Agatha Raisin and Love, Lies, and Liquor (#17) by M. C. Beaton

Published: 1st September 2006 (print)/1 July 2012 (audio) Goodreads badge
Publisher:
St. Martin’s Paperbacks /Audible
Pages: 231/6 hrs and 14 mins
Narrator: Penelope Keith
Format: Audiobook
Genre: Cosy Mystery
★ – 1 Stars

Cotswold detective Agatha Raisin lies to herself, hoping skimpy lingerie will suit her ex’s surprise holiday. He lies to himself, remembering childhood heyday of Snoth-on-Sea as sunny, now a wreck in a cold windy storm. Aggie threatens obnoxious guest Geraldine, later found strangled in Aggie’s lost scarf. Aggie can try drink, but needs all her friends when bodies pile up.

If I thought about it, every book with James Lacey is terrible, and Agatha is a better person when he isn’t around. Less than 1/5th of the way through I was already back to hating James and hating Agatha for who she becomes when she’s around him. I had such hopes for her after the last book, she was sensible, looking for companionship but not going after every neighbour that moved in with lust. She’d stopped going on about James and put herself in her work and her friends again. Now this is all undone.

Whilst Agatha is giving James another chance she gets caught up in another murder where she is a suspect. These can be hit or miss but because Agatha is stuck with the insufferable James it ruins any chance of enjoying anything else. You can see Agatha trying to break free from James but her desire to give him another chance is a complete disappointment.

All the regular characters make an appearance to try and help Agatha, you can see they are growing and evolving so that’s a benefit since Agatha isn’t allowed to.

Prejudices are ongoing with Agatha surprised that Harry, who dresses in punk clothing and has a shaven head, is considerate, while Patrick, who wears “conventional dress” could be considered attractive. It’s just criticisms and judgemental observations after the other. And the fact Beaton has Harry suddenly say they look foolish and wish they’d never gotten the piercings is so bizarre to me. Beaton is trying to bland down the world one book at time, just as she was adding some interesting characters.

These books were published in 1990s and 2000s, in that time society changes, language changes, and references change which I understand, you can pick that up from the way she writes her earlier books to these ones, but this one was published in 2006, there’s no excuse for this kind of writing.

There are endearing moments, but then there are also times you hate the main characters because Agatha and James will drive you up the wall. What is a quirk or personality trait for some characters, the fact these two change so much is ridiculous. Actually, James stays the same, but it changes from being a problem to not clearly on how Beaton feels on a particular book.

I truly don’t know what to expect with this series anymore. The vast differences in ratings so far is bizarre. In the beginning they were gradually getting better, characters were evolving as we got to know them and while the stories weren’t perfect they were decent enough. Now they have swung so wildly it’s hard to know what the next one will bring and characters flip suddenly between stories you don’t know what’s going to happen.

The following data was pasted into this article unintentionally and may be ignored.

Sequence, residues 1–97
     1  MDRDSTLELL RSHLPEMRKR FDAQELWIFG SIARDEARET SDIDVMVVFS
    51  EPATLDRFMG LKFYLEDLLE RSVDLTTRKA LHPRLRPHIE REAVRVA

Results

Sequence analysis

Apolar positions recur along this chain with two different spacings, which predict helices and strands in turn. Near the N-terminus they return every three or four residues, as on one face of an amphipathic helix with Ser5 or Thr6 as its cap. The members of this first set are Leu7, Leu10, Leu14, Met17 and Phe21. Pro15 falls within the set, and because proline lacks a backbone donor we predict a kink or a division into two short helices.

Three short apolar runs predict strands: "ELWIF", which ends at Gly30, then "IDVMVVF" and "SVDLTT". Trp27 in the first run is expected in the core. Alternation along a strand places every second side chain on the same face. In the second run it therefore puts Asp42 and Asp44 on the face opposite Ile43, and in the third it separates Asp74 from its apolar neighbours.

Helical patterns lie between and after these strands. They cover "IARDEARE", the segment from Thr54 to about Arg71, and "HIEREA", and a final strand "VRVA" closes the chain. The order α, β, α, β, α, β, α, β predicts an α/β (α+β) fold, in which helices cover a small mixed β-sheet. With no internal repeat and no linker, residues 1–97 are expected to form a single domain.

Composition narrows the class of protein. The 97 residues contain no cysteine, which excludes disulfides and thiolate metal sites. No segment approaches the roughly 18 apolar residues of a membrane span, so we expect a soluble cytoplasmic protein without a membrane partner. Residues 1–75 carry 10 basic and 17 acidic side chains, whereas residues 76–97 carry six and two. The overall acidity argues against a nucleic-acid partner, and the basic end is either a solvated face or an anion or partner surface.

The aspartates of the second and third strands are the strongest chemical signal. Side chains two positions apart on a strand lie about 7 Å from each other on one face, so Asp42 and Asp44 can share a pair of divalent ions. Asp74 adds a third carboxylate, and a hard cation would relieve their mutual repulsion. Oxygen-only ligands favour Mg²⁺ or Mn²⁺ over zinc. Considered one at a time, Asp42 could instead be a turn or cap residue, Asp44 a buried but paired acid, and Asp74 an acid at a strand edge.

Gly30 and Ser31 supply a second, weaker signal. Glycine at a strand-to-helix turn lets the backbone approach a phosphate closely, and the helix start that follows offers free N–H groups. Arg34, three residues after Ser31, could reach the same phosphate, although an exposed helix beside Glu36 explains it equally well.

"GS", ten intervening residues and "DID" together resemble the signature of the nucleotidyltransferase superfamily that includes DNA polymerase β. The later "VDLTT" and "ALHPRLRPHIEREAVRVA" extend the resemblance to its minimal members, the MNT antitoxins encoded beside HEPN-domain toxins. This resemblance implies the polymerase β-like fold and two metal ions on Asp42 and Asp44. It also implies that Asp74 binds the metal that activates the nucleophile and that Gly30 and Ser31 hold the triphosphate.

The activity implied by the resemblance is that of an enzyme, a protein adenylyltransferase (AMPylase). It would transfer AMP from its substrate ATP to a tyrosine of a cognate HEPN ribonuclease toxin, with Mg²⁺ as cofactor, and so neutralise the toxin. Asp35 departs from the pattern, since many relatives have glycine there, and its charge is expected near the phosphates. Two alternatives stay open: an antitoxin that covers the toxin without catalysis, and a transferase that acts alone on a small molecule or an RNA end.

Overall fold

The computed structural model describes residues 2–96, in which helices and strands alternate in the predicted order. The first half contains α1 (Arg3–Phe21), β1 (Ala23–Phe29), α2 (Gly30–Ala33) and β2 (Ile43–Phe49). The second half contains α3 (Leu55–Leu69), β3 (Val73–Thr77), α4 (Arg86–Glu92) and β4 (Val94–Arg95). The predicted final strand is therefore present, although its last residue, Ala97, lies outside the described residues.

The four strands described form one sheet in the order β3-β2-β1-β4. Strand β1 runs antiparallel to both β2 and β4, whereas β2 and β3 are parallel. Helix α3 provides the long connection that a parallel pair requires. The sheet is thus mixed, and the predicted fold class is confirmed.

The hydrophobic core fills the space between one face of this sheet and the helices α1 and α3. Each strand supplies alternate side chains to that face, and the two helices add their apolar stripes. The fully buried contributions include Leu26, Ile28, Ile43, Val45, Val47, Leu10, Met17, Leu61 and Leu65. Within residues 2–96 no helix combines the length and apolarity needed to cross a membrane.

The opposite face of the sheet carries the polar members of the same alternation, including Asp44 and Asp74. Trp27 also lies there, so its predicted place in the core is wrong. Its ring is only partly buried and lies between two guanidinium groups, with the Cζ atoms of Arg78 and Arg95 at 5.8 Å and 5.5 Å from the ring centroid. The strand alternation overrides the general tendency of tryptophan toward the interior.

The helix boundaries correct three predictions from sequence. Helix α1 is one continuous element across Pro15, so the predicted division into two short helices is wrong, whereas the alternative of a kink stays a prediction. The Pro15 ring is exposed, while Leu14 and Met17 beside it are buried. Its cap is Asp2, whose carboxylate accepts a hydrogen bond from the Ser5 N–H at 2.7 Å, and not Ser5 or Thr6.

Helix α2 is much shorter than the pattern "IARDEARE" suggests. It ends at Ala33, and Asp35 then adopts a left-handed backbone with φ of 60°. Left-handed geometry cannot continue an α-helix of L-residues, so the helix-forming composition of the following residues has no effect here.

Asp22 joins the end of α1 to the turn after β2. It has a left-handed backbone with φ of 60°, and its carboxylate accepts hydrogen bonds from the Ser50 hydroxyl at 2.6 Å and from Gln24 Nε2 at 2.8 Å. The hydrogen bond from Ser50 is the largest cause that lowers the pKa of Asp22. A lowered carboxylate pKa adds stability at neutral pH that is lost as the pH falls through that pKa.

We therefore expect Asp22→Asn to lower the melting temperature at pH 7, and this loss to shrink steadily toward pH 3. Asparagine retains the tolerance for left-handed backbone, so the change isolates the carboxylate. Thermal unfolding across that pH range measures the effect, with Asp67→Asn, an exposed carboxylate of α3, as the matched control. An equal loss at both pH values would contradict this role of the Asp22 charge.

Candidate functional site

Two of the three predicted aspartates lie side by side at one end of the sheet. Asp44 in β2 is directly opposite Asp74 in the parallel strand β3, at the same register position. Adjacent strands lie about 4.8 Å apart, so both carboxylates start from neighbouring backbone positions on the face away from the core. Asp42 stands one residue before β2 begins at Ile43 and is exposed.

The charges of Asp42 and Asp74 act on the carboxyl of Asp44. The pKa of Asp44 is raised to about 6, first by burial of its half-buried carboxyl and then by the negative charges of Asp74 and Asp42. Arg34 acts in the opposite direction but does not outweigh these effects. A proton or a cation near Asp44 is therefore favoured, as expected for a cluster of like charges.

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Agatha Raisin and the Deadly Dance (#15) by M. C. Beaton

Published: 1st December 2005 (print)/10 June 2011 (audio) Goodreads badge
Publisher:
St. Martin’s Paperbacks /Audible
Pages: 256/6 hrs and 10 mins
Narrator: Penelope Keith
Format: Audiobook
Genre: Cosy Mystery
★   ★   ★   ★ – 4 Stars

Infuriated that her holiday was ruined by a mugging, Agatha Raisin decides to open up her own detective agency. The romance-minded sleuth is thrilled by visions of handsome fellow gumshoes and headline-making crimes—but soon finds the only cases she can get are a non-glamorous lot of lost cats and an errant teenager. But when a wealthy divorcée hires the agency to investigate a death threat against her daughter Cassandra, Agatha thwarts a vicious attack on the heiress bride. Now Agatha is in hot pursuit of the culprit. But when the groom’s father turns up dead, Agatha must untangle a growing list of suspects, from Carsely’s quiet village lanes to Paris’ most fashionable streets. Soon the wilfully undaunted Agatha is in trouble with French and British police; on the outs (again) with old friends—and dead in the sights of a murderer.

Finally a breath of fresh air and a new direction for the characters to go in. After 14 books there’s something new happening and a real chance for Agatha and these characters to grow and develop, hopefully without being flung back into bland, one dimensional people on a whim.

It was a fascinating decision to have the main story not be the focus of the book, instead there’s a lot of character interaction and small details that fill the pages instead. This could be in part because there are so many new characters and new situations to unfurl, but it was also a nice change to focus more on characters and delve deeper into their relationships and lives. It’s often the more pleasing parts of these books when done properly.

With the creation of the detective agency we aren’t stuck on the single case now either and Agatha has slightly more legitimacy to butt in everywhere. There are lots of different cases to focus on too which allows good side plots away from the main one and means there doesn’t need to be useless fillers in between key discoveries.